24 Jan The Rig Manager
The Rig Manager adds three significant features to Gig Performer.
- The ability to use alias names for keyboards and widgets
- The ability to switch from one set of controllers to another
(Also useful when Windows decides to change the name of your MIDI port)
- The ability to distinguish controllers that use the same USB identifier
Take a look at the image above. On the left we have a list of physical devices, i.e, actual MIDI ports, typically over USB connections. In particular you can see that there is a Studio Logic keyboard called “Weighted” which is currently not connected to the computer and a Novation ReMOTE keyboard. The latter supports three MIDI ports, two of which have been named, Light1Keys and LightController1 respectively.
On the right is a list of controls that have been named. They are Stick3X, K1, K2, K3 and K4. The first, Stick3X, is currently a control that has been associated with the Studio Logic keyboard called Weighted which, as we’ve seen, is currently not available.
Now I’m going to associate those four controls, K1 thru K4 with four knobs on the Novation. After I’ve done that, we will see the following:
To use this configuration as our default, just click the Save button.
The benefit of this initial configuration will be immediately obvious once we start creating widgets in rackspaces. Take a look at this picture:
With Gig Performer 1 the next thing we would do is click the Learn button so as to associate a physical controller with the widget. That’s fine but the disadvantage is that as you create new rackspaces and add widgets, you have to perform that association every time. However, notice that to the left of the Learn button there is a little drop-down arrow. If you click that arrow, you will see the following:
This is of course the list of aliases that we created in the Rig Manager as we were learning MIDI controls. You can now just select the alias you want and the associated control on the Novation will be attached to the widget. Below you can now see that the name K1 is associated with the widget.
As you create new rackspaces and add widgets, simply associate them with the desired aliases and you’re done.
You’ll recall from above that we saved our work as the default configuration. However, if you have more than one set of controllers and keyboards that you use at different times, or perhaps you need to deal with controllers that you’re given at a particular show (such as when the show has been backlined), then you can copy your current Rig to a new rig but with a different name. Once you’ve done that, you’ll see the same list of alias names but the original physical devices will be displayed as missing.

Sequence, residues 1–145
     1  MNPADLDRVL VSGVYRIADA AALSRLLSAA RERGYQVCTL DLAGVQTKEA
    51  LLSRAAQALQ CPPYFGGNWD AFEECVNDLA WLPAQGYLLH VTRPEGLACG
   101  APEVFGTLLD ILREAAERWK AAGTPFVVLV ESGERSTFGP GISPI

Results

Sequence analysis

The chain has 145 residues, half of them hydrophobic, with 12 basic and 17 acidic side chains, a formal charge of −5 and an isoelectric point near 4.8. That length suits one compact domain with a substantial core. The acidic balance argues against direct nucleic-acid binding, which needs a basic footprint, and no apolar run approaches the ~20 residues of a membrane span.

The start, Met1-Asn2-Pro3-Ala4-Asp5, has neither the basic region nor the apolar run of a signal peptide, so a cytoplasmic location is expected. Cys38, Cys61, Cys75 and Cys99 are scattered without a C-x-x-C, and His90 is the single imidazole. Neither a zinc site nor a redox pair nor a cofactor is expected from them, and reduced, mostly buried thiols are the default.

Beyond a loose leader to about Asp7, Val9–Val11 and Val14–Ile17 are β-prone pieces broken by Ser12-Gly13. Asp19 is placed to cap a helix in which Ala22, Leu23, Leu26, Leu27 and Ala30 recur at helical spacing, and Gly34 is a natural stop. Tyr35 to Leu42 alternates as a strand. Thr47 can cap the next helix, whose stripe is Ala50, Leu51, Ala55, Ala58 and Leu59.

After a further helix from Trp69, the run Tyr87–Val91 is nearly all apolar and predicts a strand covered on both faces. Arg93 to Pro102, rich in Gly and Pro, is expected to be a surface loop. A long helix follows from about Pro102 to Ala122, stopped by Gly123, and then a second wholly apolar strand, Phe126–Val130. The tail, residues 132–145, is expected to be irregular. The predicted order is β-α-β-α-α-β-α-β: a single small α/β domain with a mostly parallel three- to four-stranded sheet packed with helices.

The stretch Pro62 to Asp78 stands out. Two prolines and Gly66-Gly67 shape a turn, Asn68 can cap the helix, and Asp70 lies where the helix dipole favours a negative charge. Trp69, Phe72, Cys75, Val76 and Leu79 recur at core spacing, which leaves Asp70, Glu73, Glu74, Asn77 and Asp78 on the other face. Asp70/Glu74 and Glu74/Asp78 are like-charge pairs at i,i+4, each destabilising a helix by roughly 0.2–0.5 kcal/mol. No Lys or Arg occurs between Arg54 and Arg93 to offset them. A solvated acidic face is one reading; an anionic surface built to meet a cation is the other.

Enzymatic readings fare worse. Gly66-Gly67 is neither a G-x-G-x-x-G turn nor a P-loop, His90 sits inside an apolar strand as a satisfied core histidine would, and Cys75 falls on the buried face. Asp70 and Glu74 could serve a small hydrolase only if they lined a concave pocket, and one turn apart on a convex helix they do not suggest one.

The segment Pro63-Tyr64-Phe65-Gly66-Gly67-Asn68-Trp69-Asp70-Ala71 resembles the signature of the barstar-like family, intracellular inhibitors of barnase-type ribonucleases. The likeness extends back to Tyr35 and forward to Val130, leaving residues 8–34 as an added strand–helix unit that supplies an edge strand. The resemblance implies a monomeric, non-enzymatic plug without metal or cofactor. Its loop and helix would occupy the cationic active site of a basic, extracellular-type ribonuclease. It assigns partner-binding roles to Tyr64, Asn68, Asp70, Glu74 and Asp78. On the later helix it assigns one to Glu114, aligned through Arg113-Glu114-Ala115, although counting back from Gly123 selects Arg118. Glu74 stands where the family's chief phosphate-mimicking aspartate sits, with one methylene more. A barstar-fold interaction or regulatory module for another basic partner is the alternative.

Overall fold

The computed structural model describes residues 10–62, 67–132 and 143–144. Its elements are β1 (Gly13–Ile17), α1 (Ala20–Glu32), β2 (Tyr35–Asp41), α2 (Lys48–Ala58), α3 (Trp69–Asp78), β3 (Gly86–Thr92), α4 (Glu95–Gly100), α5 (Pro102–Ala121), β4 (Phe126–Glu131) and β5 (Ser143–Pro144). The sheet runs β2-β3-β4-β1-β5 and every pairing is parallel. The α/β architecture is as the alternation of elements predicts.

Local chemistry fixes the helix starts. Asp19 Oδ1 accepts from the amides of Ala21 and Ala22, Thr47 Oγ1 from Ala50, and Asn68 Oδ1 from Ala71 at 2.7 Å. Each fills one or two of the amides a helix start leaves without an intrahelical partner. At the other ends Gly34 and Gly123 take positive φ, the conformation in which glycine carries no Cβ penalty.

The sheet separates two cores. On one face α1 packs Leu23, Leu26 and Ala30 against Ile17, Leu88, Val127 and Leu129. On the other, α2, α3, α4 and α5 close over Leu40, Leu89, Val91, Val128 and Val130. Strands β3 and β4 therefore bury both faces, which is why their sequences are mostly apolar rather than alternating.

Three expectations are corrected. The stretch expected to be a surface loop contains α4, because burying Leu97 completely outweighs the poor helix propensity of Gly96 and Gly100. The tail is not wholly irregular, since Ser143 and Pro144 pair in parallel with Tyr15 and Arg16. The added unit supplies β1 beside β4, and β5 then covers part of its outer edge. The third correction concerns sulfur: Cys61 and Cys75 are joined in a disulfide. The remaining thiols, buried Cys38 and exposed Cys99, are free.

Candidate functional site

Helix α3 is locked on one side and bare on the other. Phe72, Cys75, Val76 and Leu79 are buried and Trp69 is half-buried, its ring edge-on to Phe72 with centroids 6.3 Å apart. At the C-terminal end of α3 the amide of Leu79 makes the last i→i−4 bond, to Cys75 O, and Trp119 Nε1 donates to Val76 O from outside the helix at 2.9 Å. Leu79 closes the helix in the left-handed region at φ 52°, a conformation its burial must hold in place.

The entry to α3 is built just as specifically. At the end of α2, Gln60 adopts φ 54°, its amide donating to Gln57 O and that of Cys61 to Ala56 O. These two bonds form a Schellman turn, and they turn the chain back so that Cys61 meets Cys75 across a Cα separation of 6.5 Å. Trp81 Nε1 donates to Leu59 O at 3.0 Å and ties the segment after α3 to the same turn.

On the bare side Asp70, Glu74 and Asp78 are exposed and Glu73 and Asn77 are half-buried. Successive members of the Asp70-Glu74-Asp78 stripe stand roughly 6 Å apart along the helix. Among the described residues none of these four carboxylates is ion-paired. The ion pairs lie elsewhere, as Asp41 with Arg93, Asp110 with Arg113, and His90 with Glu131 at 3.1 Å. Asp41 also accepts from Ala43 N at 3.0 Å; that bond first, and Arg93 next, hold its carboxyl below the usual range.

Sadly, I don’t have another set of controllers available where I’m currently writing this article but if I did, I would plugin them in and then for each device or control, I would just click the button which would open this menu:
At this point, you would click on Learn midi, then twist the knob on the new physical device and you’re done! All the widgets that you defined in your rackspaces would immediately work with the new physical controls.
Distinguishing identical devices
If you have multiple identical devices (for example I use three Roland A800 keyboards on tour, each connected to a USB hub), then you may have the problem that, depending on the order in which your controllers powered up and/or depending on which keyboard is connected to which input on your USB hub, the plugin host will not know which keyboard corresponds with which MidiIn Block in your plugin connection view. However, it turns out that the MidiIn Blocks also use those alias names so if you look at your list after creating names for your keyboards in the Rig Manager, you might see the following in your plugin list:
As you can see here, items 3 and 5 have names. So as long as you use those names in your MidiIn blocks then, just like you can relearn aliases for physical controls, you can relearn aliases for keyboards and doing so will ensure that you always have the correct USB controllers associated with the correct MidiIn blocks. It’s something that takes about 2 minutes to do so you can easily and quickly do this after you have set up your rig on stage.